FARMINGTON – University of Maine Farmington Upward Bound Program Director Lynn Ploof-Davis of Wilton is the 2004-2005 recipient of Maine Educational Opportunity Association’s Dory Award. She was honored at the conference held early in January at Sugarloaf/USA.

The award was established in the name of Doris (Dory) Vladimiroff, director of Upward Bound at Bowdoin College from 1967 to her retirement in 1992.

During her tenure at Bowdoin, Vladimiroff worked at the state, regional and national levels for economically disadvantaged Maine teenagers. She was instrumental in improving the academic performance of many Maine high school students, thereby motivating them to enroll and find success in higher education.

Since its establishment in the mid-1990s, recipients of the Dory Award have been honored for their perspective, one which opens out to receive, include and affirm others. They are people who recognize the transformational value of action when shaped by an individual of intelligence, inventiveness and an aptitude for the fantastic.

Presenting the award was Claire Nelson, director of UMF’s TRiO programs, who said, “What sets Lynn apart is her vision and tireless effort to raise awareness outside of our TRiO community of the plight of Maine’s underserved low-income, first-generation students.”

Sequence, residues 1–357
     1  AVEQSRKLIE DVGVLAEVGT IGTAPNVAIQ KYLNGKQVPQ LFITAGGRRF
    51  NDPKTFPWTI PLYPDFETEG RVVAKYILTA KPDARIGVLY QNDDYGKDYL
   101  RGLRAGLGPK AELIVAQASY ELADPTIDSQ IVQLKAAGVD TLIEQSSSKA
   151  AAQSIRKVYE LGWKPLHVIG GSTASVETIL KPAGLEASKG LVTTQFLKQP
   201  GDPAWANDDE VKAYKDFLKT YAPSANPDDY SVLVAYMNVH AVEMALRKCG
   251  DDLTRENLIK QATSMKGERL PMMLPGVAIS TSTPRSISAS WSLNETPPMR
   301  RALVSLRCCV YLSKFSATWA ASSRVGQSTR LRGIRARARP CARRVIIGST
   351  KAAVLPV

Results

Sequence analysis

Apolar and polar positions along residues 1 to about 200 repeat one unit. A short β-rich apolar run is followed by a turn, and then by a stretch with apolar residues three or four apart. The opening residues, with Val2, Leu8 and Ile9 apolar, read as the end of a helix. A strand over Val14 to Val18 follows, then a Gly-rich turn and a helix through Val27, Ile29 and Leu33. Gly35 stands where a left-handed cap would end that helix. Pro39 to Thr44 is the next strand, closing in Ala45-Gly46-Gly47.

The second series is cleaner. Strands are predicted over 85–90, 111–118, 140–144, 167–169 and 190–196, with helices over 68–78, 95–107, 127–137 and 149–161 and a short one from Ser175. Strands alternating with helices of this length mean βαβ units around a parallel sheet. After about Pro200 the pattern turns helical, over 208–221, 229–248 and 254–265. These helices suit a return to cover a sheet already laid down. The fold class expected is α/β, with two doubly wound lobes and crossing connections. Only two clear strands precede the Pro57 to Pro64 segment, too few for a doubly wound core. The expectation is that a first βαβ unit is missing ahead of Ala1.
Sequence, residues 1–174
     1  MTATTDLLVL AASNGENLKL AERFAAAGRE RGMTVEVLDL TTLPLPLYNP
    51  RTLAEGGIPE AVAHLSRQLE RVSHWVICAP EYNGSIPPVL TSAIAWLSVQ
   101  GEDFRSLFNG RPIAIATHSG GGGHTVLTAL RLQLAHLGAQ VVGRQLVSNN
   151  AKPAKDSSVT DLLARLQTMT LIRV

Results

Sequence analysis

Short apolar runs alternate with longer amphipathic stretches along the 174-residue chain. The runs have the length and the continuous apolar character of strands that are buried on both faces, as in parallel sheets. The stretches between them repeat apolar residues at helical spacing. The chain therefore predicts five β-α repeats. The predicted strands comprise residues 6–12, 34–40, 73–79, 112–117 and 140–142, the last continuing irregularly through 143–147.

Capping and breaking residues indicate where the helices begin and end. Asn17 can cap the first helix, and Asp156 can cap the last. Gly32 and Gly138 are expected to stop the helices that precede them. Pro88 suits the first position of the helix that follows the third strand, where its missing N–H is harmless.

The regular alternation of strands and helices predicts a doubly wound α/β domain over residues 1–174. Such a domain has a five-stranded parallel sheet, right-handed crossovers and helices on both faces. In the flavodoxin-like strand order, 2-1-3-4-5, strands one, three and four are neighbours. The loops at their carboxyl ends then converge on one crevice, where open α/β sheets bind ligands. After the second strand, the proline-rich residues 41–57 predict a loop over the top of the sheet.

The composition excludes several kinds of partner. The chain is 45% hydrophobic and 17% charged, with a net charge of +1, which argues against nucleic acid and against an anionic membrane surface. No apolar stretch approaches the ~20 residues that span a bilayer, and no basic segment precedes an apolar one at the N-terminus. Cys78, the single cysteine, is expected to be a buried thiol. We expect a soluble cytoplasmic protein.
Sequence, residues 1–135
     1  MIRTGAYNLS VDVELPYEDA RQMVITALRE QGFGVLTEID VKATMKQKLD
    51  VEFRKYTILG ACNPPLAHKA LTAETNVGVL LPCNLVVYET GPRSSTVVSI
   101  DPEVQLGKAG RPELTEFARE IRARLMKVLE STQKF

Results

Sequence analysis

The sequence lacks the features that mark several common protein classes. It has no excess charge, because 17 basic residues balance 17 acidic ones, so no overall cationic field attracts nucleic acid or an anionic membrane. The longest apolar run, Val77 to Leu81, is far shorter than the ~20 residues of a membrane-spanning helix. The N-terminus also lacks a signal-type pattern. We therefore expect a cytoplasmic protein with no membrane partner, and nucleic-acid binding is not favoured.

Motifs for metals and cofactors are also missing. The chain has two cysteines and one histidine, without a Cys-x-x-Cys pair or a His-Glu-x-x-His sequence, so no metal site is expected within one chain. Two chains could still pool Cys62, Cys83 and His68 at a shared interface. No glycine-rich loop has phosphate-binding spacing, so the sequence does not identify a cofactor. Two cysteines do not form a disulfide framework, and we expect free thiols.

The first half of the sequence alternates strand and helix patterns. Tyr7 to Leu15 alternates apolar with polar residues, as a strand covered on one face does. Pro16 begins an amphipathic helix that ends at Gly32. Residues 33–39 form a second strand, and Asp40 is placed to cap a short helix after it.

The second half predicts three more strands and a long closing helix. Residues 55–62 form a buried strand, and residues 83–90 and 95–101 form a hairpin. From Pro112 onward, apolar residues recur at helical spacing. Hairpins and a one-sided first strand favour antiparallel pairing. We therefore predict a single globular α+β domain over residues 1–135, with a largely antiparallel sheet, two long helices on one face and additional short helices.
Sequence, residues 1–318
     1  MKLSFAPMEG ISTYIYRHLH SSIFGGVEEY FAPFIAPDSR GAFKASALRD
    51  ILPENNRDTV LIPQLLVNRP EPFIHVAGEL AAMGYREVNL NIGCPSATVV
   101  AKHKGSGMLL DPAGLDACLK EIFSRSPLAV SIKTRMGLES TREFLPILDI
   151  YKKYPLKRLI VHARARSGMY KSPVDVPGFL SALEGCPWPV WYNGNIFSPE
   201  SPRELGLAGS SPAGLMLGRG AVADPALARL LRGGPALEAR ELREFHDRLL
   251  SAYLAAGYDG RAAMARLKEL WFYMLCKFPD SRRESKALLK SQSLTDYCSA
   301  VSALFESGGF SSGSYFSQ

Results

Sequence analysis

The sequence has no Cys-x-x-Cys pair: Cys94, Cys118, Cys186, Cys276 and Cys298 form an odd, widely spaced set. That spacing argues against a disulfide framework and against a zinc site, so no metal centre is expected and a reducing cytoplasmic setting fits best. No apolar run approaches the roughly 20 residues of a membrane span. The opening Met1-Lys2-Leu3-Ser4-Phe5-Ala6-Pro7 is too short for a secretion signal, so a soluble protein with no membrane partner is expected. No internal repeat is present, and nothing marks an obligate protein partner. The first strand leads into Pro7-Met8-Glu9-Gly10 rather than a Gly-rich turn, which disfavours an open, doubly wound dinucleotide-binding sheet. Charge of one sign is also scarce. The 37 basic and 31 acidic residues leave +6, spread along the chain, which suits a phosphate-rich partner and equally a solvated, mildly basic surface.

“Lynn sees the big picture and wants to alter the perception of who can succeed and what kind of support they will need to do so,” said Nelson. “Dory Vladimiroff was instrumental in kindling in Lynn the desire to fight the good fight. Lynn has responded to the challenge, and her actions would make Dory proud.”

As UMF’s Upward Bound director, Ploof-Davis was recently cited by Russ Rufino from the U.S. Department of Education as being “aggressively committed” to improving the lives of her students in Maine.

In addition to providing leadership for her staff and overseeing the implementation of program activities for 55 high school students, she has taken her cause to the arena of public policy.

Ploof-Davis’ grassroots advocacy has included organizing a legislative summit for Upward Bound summer programs, helping to raise the awareness of Maine’s underserved youth at the state policy-making level.

She serves on the board of directors for the New England Education Opportunity Association, is a member of the steering committee for the Institute on Rural Poverty, and pursues agencies such as MELMAC and the Maine Compact, advocating for the TRiO mission.

UMF’s Upward Bound Program is one of Maine’s 18 federal TRiO projects. The projects were established in the 1960s under the Economic Opportunity Act to prepare disadvantaged students for successful entry into and completion of post-secondary education. Today TRiO programs offer academic support to more than 6,000 students in Maine from the middle school to post-secondary levels.

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